Handed the toughest possible Rugby World Cup mission Fiji ultimately came up short but Wales will testify to the impact the Pacific Islanders had on the tournament.
Fiji headed into their final Pool A game winless and left ruing a punishing schedule in which they have had to play three of the world's top six teams in 13 days.
For a time, midway through the second half of this morning's 23-13 loss to Wales, after Fiji had scored arguably the try of the tournament when Verenika Goneva finished off a flowing 60-metre move to close to within four points, the hosts were rocking like a punch-drunk heavyweight.
Wales regrouped to win but Fiji, just as they did against England and Australia in other Pool A games, won many new fans with their explosive running rugby that regularly punched holes in the best defences.
Had first-five Ben Volavola's kicking been more accurate, the fingernails of the vast majority of the 71,000 crowd rooting for Wales would have disappeared before the final whistle.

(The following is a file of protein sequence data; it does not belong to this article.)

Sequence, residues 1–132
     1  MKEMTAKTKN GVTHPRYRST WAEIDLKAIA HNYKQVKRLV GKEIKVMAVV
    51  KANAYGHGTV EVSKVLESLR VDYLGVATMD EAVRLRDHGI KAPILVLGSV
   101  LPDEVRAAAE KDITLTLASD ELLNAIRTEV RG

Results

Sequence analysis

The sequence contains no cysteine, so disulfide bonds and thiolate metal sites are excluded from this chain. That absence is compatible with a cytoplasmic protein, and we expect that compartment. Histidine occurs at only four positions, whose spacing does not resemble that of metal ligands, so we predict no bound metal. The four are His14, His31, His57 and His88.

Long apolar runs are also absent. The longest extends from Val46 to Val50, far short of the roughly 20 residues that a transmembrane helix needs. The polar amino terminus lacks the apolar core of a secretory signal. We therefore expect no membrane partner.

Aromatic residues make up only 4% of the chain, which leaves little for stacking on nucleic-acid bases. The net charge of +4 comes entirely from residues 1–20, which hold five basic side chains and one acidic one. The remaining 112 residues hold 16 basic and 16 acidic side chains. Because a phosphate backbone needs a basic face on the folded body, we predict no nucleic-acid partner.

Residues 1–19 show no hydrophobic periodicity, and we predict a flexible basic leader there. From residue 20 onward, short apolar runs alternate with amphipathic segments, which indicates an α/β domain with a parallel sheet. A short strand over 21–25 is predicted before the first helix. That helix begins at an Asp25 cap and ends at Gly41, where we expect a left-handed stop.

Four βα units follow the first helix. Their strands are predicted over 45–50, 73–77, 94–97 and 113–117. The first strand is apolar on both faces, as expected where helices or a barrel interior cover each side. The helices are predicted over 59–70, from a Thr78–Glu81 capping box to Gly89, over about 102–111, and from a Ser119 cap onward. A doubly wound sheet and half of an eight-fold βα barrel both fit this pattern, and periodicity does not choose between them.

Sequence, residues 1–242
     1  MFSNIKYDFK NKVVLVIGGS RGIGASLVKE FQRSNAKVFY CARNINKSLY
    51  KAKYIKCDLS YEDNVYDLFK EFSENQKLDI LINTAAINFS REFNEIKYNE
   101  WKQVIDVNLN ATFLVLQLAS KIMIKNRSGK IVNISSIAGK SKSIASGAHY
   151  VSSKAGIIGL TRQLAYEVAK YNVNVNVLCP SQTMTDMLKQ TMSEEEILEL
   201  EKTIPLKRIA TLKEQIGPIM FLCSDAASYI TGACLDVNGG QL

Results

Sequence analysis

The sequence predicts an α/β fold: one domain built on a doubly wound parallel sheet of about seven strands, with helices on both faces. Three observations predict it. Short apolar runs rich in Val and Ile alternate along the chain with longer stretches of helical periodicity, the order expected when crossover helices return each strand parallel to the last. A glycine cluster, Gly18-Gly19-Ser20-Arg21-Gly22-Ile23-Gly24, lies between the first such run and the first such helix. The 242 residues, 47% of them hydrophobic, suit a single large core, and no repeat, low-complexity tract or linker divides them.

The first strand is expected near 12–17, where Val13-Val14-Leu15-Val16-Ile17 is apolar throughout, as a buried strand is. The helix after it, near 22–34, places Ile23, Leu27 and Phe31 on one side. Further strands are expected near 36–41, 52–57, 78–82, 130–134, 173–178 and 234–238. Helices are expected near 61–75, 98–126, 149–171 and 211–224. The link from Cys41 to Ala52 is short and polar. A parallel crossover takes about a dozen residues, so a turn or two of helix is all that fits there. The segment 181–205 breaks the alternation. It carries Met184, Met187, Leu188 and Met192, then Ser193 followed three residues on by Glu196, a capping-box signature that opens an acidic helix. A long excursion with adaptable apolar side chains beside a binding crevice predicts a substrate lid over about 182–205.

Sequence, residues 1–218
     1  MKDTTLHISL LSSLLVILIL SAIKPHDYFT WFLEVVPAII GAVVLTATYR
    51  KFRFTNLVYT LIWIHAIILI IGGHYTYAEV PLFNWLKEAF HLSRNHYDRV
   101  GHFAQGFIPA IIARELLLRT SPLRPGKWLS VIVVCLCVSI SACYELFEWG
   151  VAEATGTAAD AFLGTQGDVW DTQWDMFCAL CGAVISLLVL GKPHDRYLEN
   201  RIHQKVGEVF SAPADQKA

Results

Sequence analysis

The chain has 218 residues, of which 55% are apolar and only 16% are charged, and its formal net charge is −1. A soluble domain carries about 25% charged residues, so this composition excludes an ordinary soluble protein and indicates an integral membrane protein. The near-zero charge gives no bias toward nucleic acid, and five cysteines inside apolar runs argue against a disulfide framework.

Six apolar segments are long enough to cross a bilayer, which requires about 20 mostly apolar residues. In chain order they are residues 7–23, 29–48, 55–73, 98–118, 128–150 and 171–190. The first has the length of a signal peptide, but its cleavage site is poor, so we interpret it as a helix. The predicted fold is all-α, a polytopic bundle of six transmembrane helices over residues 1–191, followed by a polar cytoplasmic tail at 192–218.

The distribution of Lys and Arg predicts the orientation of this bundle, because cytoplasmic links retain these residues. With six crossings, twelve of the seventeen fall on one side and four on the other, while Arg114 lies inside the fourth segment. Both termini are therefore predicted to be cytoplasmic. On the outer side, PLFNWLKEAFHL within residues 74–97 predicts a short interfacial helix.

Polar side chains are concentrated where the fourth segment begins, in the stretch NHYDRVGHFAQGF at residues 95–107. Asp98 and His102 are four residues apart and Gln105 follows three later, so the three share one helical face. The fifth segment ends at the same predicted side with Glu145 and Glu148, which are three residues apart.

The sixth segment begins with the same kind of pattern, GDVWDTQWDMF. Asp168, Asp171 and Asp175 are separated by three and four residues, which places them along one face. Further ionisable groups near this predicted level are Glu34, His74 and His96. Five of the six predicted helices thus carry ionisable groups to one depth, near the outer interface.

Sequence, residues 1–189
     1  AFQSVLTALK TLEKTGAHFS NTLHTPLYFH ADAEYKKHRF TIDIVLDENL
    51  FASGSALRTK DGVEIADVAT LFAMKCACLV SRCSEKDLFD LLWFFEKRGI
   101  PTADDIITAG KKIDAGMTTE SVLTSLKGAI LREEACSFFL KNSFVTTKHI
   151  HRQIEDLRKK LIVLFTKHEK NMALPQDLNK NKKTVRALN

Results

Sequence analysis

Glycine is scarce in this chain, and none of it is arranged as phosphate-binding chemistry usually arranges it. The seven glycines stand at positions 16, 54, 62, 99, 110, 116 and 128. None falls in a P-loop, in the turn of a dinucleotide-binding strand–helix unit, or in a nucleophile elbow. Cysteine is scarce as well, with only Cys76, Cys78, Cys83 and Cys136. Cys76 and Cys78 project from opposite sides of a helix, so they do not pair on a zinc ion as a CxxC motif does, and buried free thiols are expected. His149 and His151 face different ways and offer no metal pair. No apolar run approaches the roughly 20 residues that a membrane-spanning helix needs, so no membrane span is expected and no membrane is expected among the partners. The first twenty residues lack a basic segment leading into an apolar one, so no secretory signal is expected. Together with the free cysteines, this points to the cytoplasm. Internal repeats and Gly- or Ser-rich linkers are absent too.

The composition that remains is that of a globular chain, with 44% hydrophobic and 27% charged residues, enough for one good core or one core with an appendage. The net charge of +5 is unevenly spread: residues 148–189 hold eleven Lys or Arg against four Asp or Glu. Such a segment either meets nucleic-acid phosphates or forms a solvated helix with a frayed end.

Just days after their Herculean effort to beat England, Welsh players were bent double gulping in air during breaks in play, so tough was it to stop the likes of Fiji's forwards Leone Nakawara and Tevita Cavubati.
Fiji made 18 offloads to Wales's nine, taking their total to a tournament leading 34, they broke Welsh tackles 27 times as Warren Gatland's players were sometimes reduced to grabbing shirts.
They carried the ball a whopping 506 metres.
Yet the only statistic that matters is that they have zero points from three games in the so-called group of death.
"We felt that we were sneaking into the game in the second half but we were not clinical enough and that cost us the game," Fiji's captain Akapusi Qera said after the match.
With Uruguay still to come, Fiji should go home with a victory, but that will be scant reward for coach John McKee.
"It's very frustrating to be at this point with no points on the table," he said.
"We knew when we came here what a difficult pool we were in but we still had high expectations and we worked really, really hard with a talented group of players.
"But to play England, Australia and Wales in 13 days is a very tough ask for any team."
Wales skipper Sam Warburton simply looked relieved as he addressed the media.
"That was one of the tougher Test matches I've played in," he said.